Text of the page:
A staff member working at the information desk of Ginza Six, a luxury shopping complex in Tokyo, echoes these sentiments, saying that their tax-free counter is nearly always busy. But just because they are spending greatly and often buying a large number of items, this does not mean that Chinese customers are simply binge shopping. The same Ginza Six employee says she often has Chinese customers inquiring about where they can buy very specific items or brands.
Even at department stores, one of the bestselling categories among Chinese shoppers at the moment is cosmetics. Keika Bun, who has been a beauty consultant at Shiseido’s flagship store in Ginza for five years, says that Chinese consumers are becoming more savvy.
“Many Chinese customers research Japan before coming here. They ask friends who have been here, and they check social media and blogs, so many of them already know about Shiseido products and the store before they arrive,” Bun says.
Product lines that sell well among Chinese customers to Shiseido include The Ginza (available exclusively in Japan and only at select shops, mainly in airports), Cle de Peau Beauté and Anessa, a popular sun-protection line. Bun says that while many of the same products are available in China, customers have greater peace of mind when buying them in Japan.
“I think people feel safer buying things in Japan,” she says. “They know that the products will be trustworthy and high quality.”
At Isetan, some of more popular cosmetics brands among Chinese shoppers include Refa, MDNA Skin, Cle de Peau Beauté, Pola, Albion, SK-II and Suqqu.
“The Chinese now know more about Japanese cosmetics and they are getting more information and knowledge about how to use cosmetics,” Kimura says. “They know both skincare, and cosmetic lines, well.”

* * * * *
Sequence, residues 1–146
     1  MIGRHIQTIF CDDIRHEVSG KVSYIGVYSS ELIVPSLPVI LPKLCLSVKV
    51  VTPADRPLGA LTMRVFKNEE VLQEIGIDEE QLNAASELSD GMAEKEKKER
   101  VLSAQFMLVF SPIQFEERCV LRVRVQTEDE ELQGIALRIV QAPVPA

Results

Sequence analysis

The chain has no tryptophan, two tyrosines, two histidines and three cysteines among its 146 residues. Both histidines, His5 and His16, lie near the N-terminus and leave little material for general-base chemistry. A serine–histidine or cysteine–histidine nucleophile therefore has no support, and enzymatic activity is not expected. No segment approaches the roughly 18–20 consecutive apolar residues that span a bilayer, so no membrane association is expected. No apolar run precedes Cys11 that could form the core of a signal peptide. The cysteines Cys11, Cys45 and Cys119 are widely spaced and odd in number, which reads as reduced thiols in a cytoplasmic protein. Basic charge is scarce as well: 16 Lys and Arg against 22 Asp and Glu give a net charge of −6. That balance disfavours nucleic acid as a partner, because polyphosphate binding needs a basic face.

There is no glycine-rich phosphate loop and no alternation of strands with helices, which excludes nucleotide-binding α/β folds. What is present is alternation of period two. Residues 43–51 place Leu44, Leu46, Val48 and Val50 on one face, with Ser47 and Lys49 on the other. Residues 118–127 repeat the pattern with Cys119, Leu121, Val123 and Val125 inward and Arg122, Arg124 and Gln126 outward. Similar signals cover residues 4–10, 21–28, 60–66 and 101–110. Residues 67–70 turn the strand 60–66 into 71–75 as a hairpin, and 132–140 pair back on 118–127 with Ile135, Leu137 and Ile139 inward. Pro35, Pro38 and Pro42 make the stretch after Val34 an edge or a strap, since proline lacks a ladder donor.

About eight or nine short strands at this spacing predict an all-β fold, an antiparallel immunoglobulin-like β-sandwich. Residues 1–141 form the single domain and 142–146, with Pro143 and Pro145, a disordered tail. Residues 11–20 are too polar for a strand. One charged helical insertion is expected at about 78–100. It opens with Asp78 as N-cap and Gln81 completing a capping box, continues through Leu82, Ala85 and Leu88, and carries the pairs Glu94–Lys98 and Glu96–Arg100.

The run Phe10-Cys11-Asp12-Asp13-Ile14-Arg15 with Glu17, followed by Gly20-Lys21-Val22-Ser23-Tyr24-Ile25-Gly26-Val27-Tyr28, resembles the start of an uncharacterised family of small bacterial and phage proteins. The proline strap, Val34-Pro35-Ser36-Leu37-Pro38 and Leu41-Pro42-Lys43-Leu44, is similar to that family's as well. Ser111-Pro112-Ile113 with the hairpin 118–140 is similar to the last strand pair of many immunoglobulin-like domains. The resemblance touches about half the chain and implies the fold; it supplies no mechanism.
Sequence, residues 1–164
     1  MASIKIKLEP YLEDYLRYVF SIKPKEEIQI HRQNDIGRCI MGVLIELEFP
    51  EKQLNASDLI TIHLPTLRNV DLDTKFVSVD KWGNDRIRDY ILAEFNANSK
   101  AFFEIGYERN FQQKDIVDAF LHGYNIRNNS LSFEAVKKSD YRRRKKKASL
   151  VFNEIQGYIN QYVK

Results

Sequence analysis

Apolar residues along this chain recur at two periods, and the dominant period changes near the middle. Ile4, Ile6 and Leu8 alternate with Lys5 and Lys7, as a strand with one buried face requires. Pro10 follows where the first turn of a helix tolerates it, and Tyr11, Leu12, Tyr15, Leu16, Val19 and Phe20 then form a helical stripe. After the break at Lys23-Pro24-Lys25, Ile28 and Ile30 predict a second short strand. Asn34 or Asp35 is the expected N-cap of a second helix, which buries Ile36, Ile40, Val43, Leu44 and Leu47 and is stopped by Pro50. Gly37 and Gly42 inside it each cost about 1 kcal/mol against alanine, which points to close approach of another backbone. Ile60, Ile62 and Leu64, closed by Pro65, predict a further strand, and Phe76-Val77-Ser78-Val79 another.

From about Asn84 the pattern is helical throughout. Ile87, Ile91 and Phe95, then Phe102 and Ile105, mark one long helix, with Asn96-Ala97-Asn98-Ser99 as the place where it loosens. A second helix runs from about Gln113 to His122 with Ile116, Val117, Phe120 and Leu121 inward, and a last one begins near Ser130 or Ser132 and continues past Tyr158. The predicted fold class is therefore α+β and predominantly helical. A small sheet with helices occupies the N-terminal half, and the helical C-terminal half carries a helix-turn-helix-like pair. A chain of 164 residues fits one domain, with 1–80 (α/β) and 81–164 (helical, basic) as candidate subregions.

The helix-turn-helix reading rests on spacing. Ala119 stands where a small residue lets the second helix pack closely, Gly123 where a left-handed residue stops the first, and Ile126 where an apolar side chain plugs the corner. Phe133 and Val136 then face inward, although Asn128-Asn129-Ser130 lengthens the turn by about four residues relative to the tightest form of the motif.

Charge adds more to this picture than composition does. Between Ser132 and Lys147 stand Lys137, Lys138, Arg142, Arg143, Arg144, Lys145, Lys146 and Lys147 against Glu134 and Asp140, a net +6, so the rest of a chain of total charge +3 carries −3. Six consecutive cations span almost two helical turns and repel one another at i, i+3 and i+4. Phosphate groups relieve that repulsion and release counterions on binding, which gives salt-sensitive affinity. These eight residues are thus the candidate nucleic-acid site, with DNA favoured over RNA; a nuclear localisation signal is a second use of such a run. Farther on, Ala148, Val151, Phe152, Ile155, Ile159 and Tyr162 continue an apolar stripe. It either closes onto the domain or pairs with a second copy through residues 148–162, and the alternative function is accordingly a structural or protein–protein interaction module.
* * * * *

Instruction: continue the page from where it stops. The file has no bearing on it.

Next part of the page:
Kimura adds that when it comes to cosmetics, the Chinese are often repeat customers. Upon buying something and deciding they like it, they will often come back for several more during their next trip. They also commonly buy multiples of the same product so that they can give some away as gifts to friends or family. Bun says once Chinese customers find that they like a particular skincare line, they will often purchase every product in that line.
But shopping in Japan is not only about the products; it is also about the experience. Japanese customer service is world renowned, and often the atmosphere in stores helps to attract customers as well. Shiseido recently renovated its Ginza store, giving it a more luxurious, high-design look. And both Kimura and the Ginza Six employee say that customers see the stores as destinations, appreciating and often taking photos of various interior design elements.
It seems Chinese shoppers are not that dissimilar from Japanese or European shoppers. They appreciate quality and often look for things that are unique to Japan or that sell for less than in their home country. In the end, the biggest difference would appear to be in quantity.
“Simply speaking, they buy a lot,” Kimura says. “Not only one or two [items], but more than five.”